What could be done?

If these difficulties continue escalating, it seems likely that:

  • the perceived effectiveness of services' delivery will continue to deteriorate, as has reportedly been the case in the UK which is an original source of the models that Queensland is now emulating;
  • financial losses recorded by infrastructure GOCs operating in a competitive user-pays environment will grow;
  • both of the above will provide pressing reasons for tax rises that will have significant economic repercussions; and
  • either the infrastructure system will be slow and cumbersome (to ensure proper accountability), or corrupt collusion could become a problem in infrastructure contracting.

Three key steps might overcome these difficulties, namely:

  • renewal of Queensland's Public Service on a professional basis;
  • creation of infrastructure coordination machinery - whose role is not be to 'call the shots' on infrastructure projects, but rather to sort out the systemic mess outlined above that makes it impossible for functional agencies to get on with the job;
  • serious efforts to develop the productive capabilities of Queensland's economy to provide a stronger tax base for infrastructure and other services.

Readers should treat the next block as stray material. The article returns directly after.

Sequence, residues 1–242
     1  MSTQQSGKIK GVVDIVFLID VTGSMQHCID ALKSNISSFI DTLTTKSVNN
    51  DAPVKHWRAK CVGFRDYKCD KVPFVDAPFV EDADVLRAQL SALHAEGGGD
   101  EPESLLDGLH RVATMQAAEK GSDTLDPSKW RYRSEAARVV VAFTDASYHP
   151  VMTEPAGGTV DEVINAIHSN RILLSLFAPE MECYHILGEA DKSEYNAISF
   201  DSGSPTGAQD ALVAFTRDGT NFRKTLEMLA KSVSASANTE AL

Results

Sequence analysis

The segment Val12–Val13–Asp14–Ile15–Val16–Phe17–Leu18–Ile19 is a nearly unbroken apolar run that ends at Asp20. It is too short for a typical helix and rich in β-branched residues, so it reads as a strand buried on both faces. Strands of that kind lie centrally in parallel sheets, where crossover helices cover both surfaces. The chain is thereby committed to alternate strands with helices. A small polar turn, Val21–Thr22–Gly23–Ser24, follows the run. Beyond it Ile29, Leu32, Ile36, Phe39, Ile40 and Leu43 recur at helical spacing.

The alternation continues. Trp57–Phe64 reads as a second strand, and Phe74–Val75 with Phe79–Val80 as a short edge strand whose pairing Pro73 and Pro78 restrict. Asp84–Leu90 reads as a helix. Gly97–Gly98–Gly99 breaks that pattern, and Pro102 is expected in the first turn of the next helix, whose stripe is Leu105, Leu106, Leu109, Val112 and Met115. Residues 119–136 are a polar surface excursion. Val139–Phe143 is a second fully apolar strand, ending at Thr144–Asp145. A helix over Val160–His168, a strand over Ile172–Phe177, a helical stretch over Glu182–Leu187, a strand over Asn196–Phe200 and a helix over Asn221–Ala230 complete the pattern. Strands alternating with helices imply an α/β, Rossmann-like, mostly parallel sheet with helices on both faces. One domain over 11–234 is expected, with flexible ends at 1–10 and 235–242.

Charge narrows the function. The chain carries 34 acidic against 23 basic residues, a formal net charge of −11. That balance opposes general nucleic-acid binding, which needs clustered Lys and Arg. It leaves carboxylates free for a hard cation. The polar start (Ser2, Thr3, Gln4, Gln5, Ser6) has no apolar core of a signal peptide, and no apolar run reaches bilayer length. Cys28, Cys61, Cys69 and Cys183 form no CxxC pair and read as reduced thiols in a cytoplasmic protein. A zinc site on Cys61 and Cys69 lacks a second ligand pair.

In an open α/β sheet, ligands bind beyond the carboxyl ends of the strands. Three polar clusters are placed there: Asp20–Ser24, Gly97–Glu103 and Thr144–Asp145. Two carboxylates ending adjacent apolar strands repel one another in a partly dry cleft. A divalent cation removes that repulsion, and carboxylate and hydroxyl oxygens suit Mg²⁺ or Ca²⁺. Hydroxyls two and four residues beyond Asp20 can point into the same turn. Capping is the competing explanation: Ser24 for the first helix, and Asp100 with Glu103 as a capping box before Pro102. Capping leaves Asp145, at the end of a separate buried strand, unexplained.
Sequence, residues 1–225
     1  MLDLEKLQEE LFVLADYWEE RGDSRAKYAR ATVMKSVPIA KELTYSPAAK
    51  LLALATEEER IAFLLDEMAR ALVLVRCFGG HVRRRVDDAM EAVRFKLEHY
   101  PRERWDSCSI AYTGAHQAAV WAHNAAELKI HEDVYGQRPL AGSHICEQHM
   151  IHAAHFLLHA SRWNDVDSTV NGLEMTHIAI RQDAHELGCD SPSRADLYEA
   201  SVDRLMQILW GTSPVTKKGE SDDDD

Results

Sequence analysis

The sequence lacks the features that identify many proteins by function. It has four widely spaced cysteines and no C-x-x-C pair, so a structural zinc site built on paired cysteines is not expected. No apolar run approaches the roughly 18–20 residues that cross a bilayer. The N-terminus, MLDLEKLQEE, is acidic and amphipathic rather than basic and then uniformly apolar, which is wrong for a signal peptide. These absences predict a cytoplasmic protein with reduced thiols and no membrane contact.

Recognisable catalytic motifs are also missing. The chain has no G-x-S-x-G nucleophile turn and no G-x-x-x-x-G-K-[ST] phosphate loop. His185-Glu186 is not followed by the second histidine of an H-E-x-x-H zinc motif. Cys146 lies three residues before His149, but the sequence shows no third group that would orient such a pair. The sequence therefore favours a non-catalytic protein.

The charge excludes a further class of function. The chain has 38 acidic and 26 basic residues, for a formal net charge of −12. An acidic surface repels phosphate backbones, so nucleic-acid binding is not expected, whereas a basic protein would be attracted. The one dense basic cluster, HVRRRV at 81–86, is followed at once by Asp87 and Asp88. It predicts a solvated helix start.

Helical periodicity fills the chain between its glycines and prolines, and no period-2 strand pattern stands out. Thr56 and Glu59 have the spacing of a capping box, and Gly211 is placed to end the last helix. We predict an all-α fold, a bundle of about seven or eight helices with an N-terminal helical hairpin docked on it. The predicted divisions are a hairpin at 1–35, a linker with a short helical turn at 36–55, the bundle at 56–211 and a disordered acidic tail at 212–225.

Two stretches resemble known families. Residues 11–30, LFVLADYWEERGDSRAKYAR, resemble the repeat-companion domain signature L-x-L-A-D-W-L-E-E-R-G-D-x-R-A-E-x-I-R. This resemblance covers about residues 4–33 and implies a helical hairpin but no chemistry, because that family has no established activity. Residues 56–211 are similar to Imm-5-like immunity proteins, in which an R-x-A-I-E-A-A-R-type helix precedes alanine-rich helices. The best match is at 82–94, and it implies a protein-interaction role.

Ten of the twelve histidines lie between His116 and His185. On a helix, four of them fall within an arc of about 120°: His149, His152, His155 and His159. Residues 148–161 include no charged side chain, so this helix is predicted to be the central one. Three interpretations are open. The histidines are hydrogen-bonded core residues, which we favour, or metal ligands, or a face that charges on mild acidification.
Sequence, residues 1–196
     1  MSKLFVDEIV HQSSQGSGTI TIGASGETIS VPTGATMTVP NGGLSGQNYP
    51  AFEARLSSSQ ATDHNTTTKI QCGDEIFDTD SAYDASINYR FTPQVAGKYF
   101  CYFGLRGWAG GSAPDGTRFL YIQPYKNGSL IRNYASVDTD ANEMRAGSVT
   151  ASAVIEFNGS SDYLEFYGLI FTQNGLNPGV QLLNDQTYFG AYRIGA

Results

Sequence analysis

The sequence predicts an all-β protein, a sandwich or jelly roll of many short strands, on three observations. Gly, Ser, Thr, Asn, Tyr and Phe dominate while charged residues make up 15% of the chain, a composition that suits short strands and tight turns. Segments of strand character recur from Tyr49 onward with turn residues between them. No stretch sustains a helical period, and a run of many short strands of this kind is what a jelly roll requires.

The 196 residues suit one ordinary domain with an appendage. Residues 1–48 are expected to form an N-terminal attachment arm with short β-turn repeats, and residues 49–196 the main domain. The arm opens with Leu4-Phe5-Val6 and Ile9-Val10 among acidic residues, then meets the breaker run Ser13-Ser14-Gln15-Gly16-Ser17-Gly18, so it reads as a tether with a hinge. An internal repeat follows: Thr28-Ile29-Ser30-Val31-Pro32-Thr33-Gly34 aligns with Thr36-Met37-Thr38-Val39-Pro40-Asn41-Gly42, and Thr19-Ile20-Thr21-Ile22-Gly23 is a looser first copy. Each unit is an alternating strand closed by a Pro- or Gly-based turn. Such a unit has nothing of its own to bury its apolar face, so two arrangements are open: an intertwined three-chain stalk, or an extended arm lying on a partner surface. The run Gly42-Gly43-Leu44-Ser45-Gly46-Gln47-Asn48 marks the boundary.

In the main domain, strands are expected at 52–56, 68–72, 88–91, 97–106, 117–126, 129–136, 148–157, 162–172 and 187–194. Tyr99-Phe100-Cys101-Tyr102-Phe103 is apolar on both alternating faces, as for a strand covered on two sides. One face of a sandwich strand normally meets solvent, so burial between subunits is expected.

May 2002

Don't Look for Scapegoats in QRail

Don't Look for Scapegoats in QRail - email sent 25/10/16

Hon Ms Annastacia Palaszczuk, MP.,
Premier of Queensland

Re: Caldwell F., Furious Premier Annastacia Palaszczuk demands answers on rail debacle, Brisbane Times, 23/10/16

This article referred to your concern about the shortage of train drivers following the opening of the Moreton Bay rail link and the resulting need to cancel some services across the whole Brisbane rail network.

A Quote: “A furious Queensland Premier Annastacia Palaszczuk has said heads could roll over the Queensland Rail debacle that led to more than 100 services being cancelled on Friday. …. "I want to know, very clearly from the Queensland Rail board, how did this happen?" Ms Palaszczuk said. "And why was my minister not notified about it at an earlier date?" … Ms Palaszczuk said Mr Hinchliffe was notified on Thursday night. She said she was not ruling out someone losing their job over the fiasco. "Because how did it get to this? It has been planned for many years about the opening of the Moreton Bay Rail Link," she said. "I understand the training must happen for the drivers but surely someone in Queensland Rail knew that this was going to be a problem and failed to alert higher up the line."